09 April 2020

Tales of a Ferret Owner: Tango and Erin's Solo Adventures

Written by Sarah-Maree

If you’re new to these ferrety tales, it’s fine. They can be read in any order, really. They might make more sense going in order, but I don’t know that it matters. Ferrets are crazy. They start crazy. They end crazy. And that’s how these stories go.

Tune in again next week for more ferret tales! I don’t know when I’ll get back to writing Dungeons and Dragons short stories or just regular short stories in general, but that’s alright. Let the ferrety entertainment continue!

Tango was the second to pull a disappearing act. Around day two or three of having the ferrets was when I noticed a lack of gorgeous red fur running around. I could hear Erin and Teeka having a fight (it was chittering, angry, and oh, so adorable!), but I couldn’t spot Tango. I looked and looked and looked.

At some point, I started going room by room and tore each one to pieces. I confined Teeka and Erin to the cage so I could listen for sounds of Tango without confusing it with their playful clicks and chitters.

Where did I find him? In the master closet. One of us, probably Nick, had locked the poor little fella in the closet all by himself! Undeterred, he’d climbed our laundry basket and curled up in our clothes for a long nap. He was irritated when I woke him up to get him back into the regular parts of the house, so at least that meant he’d been happy with the hideout. Still, I couldn’t have the ferrets playing in our dirty laundry. If the did that, I’d likely wash them with it, and I couldn’t have that happening.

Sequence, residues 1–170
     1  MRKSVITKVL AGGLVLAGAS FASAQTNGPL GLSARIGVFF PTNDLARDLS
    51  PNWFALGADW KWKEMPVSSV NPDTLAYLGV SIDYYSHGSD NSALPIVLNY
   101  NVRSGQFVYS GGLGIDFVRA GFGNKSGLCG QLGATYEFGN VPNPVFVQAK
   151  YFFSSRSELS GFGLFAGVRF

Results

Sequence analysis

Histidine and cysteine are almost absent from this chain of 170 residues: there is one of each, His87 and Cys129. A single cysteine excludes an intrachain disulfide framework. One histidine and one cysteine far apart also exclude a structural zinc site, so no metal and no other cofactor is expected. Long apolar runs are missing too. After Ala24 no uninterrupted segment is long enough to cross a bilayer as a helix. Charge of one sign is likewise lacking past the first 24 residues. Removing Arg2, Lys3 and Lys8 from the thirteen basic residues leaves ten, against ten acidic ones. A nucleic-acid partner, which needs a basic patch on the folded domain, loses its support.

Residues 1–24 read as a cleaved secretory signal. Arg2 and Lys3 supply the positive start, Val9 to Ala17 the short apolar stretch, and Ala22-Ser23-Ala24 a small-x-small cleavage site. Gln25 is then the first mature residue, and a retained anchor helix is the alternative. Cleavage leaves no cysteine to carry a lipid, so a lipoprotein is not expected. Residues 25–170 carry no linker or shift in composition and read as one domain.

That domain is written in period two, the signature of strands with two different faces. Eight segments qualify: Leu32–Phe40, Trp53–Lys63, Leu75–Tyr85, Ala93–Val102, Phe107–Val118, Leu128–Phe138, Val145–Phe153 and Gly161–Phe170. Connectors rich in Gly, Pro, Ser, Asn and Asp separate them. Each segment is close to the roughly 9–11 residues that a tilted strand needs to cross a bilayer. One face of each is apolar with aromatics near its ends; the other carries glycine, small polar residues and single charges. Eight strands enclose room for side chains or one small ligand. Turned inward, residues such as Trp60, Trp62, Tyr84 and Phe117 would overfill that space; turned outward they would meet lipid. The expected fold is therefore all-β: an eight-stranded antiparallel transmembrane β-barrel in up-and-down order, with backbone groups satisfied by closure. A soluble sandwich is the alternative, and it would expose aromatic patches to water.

Free again, Erin and Teeka discovered they could hide behind our fridge. They always came out dusty, even after having already come out dusty. I don’t know how they did it, but at least the house was a little cleaner, once I’d washed them off.

Then they discovered they could hide in our bedroom behind the dresser and inside the large dresser drawers. Thankfully they were so obnoxiously loud, and cute, that I’d followed them around and caught them in the act of climbing up and under a drawer from the back of the dresser. Again, this was a tiny hole! Seriously crafty they were.

Teeka often lost Erin by sneaking under our TV stand, which was much too small for Erin to squeeze under. Oh, don’t worry. She heard Teeka as the sneak slithered and clawed about under the stand. Then, just as Teeka chose her point of entry, bam! Erin was there, poking her head at the skinny salt and pepper colored ferret. She’d often get her face bit as Teeka scolded her. They really did have a weird relationship.

The DVD stand was easily large enough for Erin and Tango to go under without too much smooshing of their bodies. Tango enjoyed going under there, but Erin only went under when Teeka did, and Teeka stopped going under as she realized Erin could follow her with no problem. Erin blocked Teeka in at one point, and a very one-sided fight broke out. Teeka won, and Erin shambled after the little twitchy speed demon. I honestly don’t know why Erin took the constant bites to the face, the slaps, the claws, the full body slams. Teeka used that twitch she had to her full advantage and used it as a means of doing multiple successive attacks in a row, and all before Erin could move out of range. Erin was also very dumb and always loomed over Teeka during the spasmodic itching sessions. Erin deserved to get slapped. I mean, no one wants their personal space violated at all times, and Erin did not understand personal space.